The major objective of this project is to develop tools for selecting and breeding grapevine rootstocks with better resilience to abiotic stress.
Heat, drought and salinity are abiotic stressors faced by many Australian grapegrowers. Climate modelling for southern Australia suggests that these stressors are likely to increase in the coming decades.
Current management practices involve increasing irrigation to mitigate these stresses, which may not always be possible due to the limited availability or quality of water resources.
It is a priority of the Australian wine sector to have better rootstocks available with increased water use efficiency and salinity tolerance suited to Australian conditions, together with resistance to root pests.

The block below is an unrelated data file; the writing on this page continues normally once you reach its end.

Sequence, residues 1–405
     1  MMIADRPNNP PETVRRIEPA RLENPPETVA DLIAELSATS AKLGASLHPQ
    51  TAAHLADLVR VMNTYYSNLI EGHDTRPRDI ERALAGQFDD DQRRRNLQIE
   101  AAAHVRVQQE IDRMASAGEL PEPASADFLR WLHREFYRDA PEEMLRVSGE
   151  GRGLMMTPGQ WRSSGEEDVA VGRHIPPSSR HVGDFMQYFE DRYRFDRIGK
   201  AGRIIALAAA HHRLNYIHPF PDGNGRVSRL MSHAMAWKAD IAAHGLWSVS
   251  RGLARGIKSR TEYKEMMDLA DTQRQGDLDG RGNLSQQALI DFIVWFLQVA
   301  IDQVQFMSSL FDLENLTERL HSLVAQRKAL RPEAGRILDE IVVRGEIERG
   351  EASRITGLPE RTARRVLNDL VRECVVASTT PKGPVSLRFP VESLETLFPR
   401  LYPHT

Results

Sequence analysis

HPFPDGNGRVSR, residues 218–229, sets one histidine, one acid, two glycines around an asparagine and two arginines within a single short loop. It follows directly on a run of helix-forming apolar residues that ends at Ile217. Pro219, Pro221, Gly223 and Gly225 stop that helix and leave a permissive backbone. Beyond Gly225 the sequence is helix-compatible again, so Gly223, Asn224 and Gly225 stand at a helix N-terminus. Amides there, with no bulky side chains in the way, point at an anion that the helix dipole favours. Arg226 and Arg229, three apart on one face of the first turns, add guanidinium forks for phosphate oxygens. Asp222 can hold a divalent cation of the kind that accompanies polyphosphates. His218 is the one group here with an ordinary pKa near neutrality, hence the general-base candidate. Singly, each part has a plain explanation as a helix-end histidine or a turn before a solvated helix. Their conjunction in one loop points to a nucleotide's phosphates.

This project will use gene identification technologies and functional characterisation (supported by project CSA 1701-1.7) and marker assisted breeding, together with advanced phenotypic screening methods using the state-of-the-art ‘Plant Accelerator’, to develop better rootstocks with enduring resistance to salt, heat and drought.
The project will lead to the production of better rootstocks that are fit for Australian conditions. It will produce material that is easy to propagate and graft, fulfilling the requirements of nurseries and will benefit grapegrowers through the production of reliable, robust planting material that contributes to the production of grapes that meet the requirements of wine companies with regard to wine composition.